Subscribe to the newsletter!


A Step by Step Guide to Get Started Budgeting

step by step guide to get started budgetingThe idea of budgeting can be a polarizing thing.

A lot of people are put off by it because of preconceived notions and confusion about how to best go about it.

If you had mentioned the word ‘budget’ to me a few years back, I probably would have looked at you strangely and dismissed it. Because, hello, who really wants to sit down and do the tedious task of looking over your spending.

Thankfully, budgeting doesn’t have to be some tedious mind destroyer if you don’t want it to. It can actually be pretty fun to do. It’s all about picking the right system and tools that work best for you.

My first foray into budgeting came when I was 18 and in my first year of college. I was working a lowly food prep position at McDonald’s and trying to figure how my money kept vanishing into thin air.

So, I downloaded the free budgeting tool Mint and got to work tracking my spending within the service. Suddenly for the first time, I was able to monitor my transactions while making goals and assigning set amounts to different spending categories.

It was kind of like a game of sorts. Being able to see how savvy I could get by staying within my set amounts for spending categories. The most prominent one being the food and groceries category, because let’s be honest, that one was a chaotic mess of late night drive-throughs, takeaway coffee, and one too many pizza deliveries.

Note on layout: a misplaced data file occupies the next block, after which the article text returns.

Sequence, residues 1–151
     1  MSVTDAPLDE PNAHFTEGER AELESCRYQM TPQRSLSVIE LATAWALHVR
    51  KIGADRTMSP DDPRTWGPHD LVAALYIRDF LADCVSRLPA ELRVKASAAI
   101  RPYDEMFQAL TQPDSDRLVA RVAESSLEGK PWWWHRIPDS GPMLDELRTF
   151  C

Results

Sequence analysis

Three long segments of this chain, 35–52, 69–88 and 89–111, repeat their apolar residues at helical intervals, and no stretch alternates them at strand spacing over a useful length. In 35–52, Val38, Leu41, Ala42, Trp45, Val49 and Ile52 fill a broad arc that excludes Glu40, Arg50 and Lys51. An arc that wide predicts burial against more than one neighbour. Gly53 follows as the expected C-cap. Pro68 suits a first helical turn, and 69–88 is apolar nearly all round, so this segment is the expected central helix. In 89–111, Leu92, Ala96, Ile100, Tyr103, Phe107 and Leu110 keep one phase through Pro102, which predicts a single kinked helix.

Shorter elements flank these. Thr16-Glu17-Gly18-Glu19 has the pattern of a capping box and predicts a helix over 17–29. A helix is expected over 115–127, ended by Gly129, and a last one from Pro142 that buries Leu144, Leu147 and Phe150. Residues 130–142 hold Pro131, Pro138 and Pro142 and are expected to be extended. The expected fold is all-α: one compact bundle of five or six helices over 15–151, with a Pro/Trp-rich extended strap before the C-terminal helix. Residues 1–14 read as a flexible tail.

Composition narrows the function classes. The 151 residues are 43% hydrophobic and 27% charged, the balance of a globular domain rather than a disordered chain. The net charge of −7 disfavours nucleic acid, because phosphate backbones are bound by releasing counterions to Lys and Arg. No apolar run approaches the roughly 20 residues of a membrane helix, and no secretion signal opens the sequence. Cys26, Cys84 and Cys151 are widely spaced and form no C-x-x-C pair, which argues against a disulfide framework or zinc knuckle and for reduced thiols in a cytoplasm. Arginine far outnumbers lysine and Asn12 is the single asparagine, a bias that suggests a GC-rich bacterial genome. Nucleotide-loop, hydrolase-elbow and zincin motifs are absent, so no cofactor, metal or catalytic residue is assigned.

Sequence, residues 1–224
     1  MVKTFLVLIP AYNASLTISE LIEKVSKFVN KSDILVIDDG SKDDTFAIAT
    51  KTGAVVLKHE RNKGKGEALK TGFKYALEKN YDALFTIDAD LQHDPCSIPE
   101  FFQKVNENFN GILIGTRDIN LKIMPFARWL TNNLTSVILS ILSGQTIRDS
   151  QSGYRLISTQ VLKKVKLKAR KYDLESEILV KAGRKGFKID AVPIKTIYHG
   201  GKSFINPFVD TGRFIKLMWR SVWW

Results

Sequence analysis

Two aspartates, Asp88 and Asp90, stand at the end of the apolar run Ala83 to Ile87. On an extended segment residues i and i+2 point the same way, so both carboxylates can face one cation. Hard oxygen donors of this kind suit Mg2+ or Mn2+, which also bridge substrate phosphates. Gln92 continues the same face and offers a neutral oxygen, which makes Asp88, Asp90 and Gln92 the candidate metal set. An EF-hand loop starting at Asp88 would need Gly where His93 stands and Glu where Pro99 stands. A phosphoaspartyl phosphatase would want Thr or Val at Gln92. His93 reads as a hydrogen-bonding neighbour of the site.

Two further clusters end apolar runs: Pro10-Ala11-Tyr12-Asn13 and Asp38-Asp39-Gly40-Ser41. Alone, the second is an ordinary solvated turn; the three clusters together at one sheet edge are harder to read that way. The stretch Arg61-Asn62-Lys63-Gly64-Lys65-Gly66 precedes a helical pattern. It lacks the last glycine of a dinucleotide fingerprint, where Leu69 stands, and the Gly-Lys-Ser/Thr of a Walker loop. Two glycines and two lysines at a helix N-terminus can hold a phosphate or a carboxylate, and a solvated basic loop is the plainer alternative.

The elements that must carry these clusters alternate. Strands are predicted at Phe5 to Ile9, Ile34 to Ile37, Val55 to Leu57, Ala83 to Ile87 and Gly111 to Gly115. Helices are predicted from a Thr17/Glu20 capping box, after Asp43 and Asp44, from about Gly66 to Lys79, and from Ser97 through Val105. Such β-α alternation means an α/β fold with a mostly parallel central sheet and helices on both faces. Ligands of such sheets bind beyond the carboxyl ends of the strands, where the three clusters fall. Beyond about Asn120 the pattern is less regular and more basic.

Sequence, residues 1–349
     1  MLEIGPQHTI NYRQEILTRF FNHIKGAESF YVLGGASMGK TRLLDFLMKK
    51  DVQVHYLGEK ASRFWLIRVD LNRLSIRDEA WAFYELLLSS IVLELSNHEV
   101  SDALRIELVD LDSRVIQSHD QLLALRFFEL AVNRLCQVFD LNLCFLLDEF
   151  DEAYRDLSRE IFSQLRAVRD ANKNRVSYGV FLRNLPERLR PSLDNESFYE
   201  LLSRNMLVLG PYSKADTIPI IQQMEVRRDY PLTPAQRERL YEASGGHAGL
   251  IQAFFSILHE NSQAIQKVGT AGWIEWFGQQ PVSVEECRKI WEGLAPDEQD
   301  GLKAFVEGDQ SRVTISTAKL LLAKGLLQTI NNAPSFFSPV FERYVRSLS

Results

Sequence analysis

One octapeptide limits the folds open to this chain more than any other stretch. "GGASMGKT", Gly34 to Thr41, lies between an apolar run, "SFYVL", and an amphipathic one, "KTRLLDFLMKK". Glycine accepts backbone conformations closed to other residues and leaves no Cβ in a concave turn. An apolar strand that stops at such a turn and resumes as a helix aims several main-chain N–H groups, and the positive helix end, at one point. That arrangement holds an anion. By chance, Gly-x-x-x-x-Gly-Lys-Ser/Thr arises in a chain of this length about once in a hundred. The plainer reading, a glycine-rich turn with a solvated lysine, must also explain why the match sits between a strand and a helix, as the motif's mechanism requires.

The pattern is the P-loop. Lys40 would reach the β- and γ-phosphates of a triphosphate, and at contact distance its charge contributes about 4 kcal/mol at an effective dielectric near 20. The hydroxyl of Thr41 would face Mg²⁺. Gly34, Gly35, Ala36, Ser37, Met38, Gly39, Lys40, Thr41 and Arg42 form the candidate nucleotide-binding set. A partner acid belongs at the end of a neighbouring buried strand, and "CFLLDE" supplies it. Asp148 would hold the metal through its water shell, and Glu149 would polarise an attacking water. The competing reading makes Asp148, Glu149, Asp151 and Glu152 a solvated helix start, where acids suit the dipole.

Mint was cool but over the years, I started to want something more. To see what else was out there. Through some trial and error, I started to find my groove with budgeting.

So far, its led to hitting some pretty sweet financial goals. I was able to ditch a blue collar job I hated, move abroad for a year and a half, pay off $21,000 in student loans within 18 months, and build up a good-sized emergency fund.

If you’re ready to get organized with your money and better work toward your goals then keep reading. Here’s a step by step guide to budgeting.

Start Tracking Your Spending

Do you know where you’re money is going every month? Not in the vague “oh well I think I spent around this much on entertainment…” but in the “I spent this exact amount on entertainment last month”.